Those of you who know me personally and have heard me speak, know there is little doubt that I grew up in Brooklyn, NY. My diction, the way I can’t pronounce the letters “er ” at the end of words ( I say “mutha” for “mother”) and my oft times nasal twang all give my birthplace a shout out. So instead of calling part of this site “Talk to Me,” I wanted you to really hear my voice when I said it, so “Tawk to me” is how it would sound if we were face to face.
This got me to thinking about my writing and writing in general when you want to bring your characters to life. The United States language is a huge mix of accents, colloquialisms, and cliched metaphors all melded together to form our wonderful country. No one speaks the same way as someone else, and neither should your characters. They can share phrases, accents, and even diction, but each character should “sound” different even if they are from the same place.
I lived in Wisconsin for seven years and the natives called a water fountain a “bubbler,” and soda, “pop.” In Brooklyn, my aunt called “Oil”, “Earl,” as in “they delivered some earl to the burna ( Burner!) yesterday and now I’ve got to pay for it.”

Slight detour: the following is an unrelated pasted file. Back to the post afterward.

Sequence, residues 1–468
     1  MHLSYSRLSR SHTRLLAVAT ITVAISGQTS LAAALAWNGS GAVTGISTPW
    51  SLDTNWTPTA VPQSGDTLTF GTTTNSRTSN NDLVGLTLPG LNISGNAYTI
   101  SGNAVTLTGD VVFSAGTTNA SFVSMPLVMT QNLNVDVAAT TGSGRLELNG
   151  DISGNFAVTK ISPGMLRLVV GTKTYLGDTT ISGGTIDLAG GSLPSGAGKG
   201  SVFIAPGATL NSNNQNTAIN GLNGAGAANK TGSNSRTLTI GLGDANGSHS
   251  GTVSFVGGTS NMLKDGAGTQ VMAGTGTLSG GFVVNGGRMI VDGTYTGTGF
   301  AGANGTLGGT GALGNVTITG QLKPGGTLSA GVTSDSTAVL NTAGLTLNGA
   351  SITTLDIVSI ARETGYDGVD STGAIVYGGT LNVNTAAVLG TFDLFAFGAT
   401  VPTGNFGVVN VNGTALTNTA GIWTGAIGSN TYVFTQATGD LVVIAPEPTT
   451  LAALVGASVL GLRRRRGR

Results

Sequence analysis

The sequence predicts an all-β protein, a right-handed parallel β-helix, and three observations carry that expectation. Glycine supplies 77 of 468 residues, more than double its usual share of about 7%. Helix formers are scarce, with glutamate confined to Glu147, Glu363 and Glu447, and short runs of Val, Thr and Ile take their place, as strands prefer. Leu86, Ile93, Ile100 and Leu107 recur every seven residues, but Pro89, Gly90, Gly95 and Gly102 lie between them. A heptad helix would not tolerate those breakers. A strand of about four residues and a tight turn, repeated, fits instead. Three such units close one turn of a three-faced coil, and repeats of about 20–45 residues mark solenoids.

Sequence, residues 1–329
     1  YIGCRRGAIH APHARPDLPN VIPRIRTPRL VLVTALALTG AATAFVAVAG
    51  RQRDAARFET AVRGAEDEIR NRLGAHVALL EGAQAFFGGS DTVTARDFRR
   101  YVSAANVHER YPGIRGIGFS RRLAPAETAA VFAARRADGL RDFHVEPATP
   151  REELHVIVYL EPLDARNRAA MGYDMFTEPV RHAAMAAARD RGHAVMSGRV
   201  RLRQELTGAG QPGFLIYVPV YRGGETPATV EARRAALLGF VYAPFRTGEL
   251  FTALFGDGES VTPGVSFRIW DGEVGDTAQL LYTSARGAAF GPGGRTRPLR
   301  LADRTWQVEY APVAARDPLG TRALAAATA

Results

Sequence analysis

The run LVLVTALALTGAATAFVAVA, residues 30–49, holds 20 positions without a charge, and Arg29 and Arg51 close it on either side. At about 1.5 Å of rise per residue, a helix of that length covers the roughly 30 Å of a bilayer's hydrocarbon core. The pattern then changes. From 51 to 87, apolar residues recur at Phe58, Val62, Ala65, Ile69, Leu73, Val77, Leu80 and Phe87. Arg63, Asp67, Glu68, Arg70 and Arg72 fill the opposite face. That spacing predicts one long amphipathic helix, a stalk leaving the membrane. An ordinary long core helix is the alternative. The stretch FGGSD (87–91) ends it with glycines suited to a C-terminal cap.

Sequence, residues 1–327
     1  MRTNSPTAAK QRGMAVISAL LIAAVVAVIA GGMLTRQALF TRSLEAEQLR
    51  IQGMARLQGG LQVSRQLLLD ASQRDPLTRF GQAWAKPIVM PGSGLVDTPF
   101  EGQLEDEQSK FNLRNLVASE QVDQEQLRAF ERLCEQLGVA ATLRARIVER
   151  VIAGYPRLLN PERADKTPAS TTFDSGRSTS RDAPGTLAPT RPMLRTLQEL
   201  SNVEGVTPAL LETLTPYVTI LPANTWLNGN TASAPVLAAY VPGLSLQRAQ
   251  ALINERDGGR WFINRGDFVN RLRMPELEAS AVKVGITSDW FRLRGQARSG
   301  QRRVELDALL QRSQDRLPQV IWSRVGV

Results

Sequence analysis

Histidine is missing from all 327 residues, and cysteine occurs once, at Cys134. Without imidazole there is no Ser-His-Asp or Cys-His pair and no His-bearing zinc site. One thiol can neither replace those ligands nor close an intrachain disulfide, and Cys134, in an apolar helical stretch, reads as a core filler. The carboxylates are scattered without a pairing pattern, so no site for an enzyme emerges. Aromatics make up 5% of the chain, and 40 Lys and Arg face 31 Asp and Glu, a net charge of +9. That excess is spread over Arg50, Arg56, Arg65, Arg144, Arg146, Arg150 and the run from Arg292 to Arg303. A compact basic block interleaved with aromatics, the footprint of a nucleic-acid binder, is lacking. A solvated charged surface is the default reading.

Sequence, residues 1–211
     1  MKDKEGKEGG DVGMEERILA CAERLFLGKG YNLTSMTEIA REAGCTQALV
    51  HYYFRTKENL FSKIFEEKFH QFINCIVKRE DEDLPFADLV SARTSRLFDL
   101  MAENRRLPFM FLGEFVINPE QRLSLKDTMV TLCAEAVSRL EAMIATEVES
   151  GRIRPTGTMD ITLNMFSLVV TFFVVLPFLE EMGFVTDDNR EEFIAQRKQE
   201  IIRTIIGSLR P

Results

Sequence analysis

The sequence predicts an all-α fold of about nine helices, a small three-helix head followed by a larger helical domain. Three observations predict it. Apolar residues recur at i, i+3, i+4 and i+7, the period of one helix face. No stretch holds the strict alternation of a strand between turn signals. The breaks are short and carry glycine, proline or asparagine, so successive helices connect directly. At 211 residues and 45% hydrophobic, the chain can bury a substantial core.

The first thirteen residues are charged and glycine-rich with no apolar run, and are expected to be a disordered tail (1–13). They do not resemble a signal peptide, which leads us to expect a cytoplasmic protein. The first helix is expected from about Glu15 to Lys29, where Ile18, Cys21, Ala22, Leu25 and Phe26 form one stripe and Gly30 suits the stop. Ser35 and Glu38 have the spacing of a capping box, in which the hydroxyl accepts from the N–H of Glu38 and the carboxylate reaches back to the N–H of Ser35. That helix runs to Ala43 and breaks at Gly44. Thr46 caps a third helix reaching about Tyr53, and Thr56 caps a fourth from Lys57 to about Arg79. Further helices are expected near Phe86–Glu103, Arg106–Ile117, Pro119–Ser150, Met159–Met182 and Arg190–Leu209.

Wouldn’t you recognize someone who was from Ireland, if they said, “aye” and ‘Tis?” Or our neighbors to the north when they end every sentence with “eh?” Valley girls in California spew “Oh, m’Gawd! and “Fer sures!” to this day. In the U.K. the words “Brilliant” and “bloody” are descriptive staples. Australians call each other “Sheila” and “Mate.”
Southerners say “Hey,” while northerners say “Hi.” Highly educated people wouldn’t think of saying “Gotta” or “lotta,” and my cousins would never end a sentence with “Don’t you agree?” They’d be more likely to say, “ya know?”
I live in New Hampshire now. Wicked weather, eh? (Get it?!)
So, “TAWK TO ME.” Tell me something, ask me a question, give me some needed guidance. Just “TAWK TO ME.”